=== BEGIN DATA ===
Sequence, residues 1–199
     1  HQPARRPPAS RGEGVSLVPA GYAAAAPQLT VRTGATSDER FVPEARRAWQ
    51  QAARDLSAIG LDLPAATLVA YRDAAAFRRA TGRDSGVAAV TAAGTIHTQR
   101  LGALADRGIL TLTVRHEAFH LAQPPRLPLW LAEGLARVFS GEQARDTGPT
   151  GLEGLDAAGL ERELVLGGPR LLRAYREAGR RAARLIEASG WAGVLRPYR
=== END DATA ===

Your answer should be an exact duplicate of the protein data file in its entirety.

Sequence, residues 1–199
     1  HQPARRPPAS RGEGVSLVPA GYAAAAPQLT VRTGATSDER FVPEARRAWQ
    51  QAARDLSAIG LDLPAATLVA YRDAAAFRRA TGRDSGVAAV TAAGTIHTQR
   101  LGALADRGIL TLTVRHEAFH LAQPPRLPLW LAEGLARVFS GEQARDTGPT
   151  GLEGLDAAGL ERELVLGGPR LLRAYREAGR RAARLIEASG WAGVLRPYR